It is a common misconception that all kilts are created equal, but we are about to blow your mind: they really, really aren’t. The basic premise may be the same: they are all made of material, and invite more than a little curiosity about just what lies beneath. There are, however, distinct differences between a Scottish and Irish kilt – and making a mistake could land you in seriously hot water!
We like friends, and we want to help you keep yours. To help reduce the risk of your making a faux pas, we have decided to help you get ahead of the game, and let you know what you need to know (and probably didn’t know you needed to know) about telling the difference between an Irish and Scottish kilt.
At The Celtic Croft, we specialize in all things Celtic–both Scottish and Irish. Let us help you navigate both of these rich heritages. Visit us today.
That was wordy, so without further adieu…on to the lesson!
To better understand the differences between the two types of kilt, it is crucial that you know where and why they came about.
Kilts first appeared in Scotland in around the 16th century, where they were known as ‘Feileadh Mor.’ They were practical and straightforward – if not terribly stylish – and consisted of a single length of thick material, designed to protect the wearer from the harsh Highland climate.
Until 1746, the item was considered practical rather than patriotic. But, this all changed when the government banned the garment, fearing that it would increase the number of revolting revolters in the Jacobite Risings. Obviously, the nature of human beings meant that as soon as they were banned, everyone and their dog wanted one. The kilt as we know it began to emerge, reaching its final form in around the 19th century.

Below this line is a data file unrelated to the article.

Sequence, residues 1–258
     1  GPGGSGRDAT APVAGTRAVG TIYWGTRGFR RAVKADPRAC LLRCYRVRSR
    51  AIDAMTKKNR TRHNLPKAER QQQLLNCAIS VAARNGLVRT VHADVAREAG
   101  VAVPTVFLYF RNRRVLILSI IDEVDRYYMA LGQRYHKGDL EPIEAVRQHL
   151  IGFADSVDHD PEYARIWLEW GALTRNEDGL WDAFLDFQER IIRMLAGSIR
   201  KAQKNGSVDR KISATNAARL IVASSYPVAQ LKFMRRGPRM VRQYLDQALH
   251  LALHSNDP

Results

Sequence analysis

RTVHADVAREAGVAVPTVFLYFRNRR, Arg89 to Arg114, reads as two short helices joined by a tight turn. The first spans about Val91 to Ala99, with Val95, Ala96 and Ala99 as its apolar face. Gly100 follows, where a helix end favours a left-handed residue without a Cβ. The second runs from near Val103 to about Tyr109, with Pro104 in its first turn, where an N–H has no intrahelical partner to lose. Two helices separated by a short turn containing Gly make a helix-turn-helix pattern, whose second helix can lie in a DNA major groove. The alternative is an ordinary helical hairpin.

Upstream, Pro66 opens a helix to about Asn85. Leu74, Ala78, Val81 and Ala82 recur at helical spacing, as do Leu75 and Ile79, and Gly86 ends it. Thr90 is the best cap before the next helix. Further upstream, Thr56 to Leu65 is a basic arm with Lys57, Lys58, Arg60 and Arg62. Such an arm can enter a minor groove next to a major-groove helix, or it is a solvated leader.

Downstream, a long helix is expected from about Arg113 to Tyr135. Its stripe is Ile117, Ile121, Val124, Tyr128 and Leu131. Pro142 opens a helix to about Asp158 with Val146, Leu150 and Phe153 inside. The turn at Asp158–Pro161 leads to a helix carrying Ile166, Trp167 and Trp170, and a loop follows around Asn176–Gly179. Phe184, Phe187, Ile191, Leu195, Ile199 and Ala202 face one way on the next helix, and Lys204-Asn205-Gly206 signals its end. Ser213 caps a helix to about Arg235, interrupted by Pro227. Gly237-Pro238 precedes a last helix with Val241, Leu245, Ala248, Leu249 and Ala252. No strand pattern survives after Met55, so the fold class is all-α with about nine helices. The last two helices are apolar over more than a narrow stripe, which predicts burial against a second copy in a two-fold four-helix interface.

Ireland – as ever – decided to do things a little differently. The kilt as we now recognize it emerged out of the rise of Irish Nationalism, as the response to the so-called ‘progressive Anglicisation; of Ireland. In layman’s terms, the devout Irish rejected what they perceived as an English takeover of ideas, traditions, and dress, by popularising the rise of a distinctly Irish design.
The Saffron kilt became the style of choice. This kilt was traditionally mustard-colored, with no plaid or tartan design, but with shamrock applique attached to the pleat.
One thing both designs tend to have in common is their prevalence in battle. Both teams would use their respective kilt designs in a military setting, and this was symbolic rather than defensive. We can’t imagine wool offering too much protection!
As well as originating from different humble beginnings, there are many features of modern-day kilts which separate the Scots and the Irish. Some of the easiest ways to figure out who you’re talking to and avoid unwanted embarrassment include:
Both Irish and Scottish kilts are decorated with distinctive crests, and these are important for identification; if the wearer feels the overwhelming urge to enter into battle, they need to know who is on their side.
Kilts are commonly worn in Scottish weddings, and this is where you are most likely to encounter the garment. Here, the clan crest of the new family will be pinned to the spouse’s tartan to show that they have been accepted – plenty of opportunity for passive aggressiveness here! Irish crests, on the other hand, tend to show a shamrock, as opposed to a clan crest.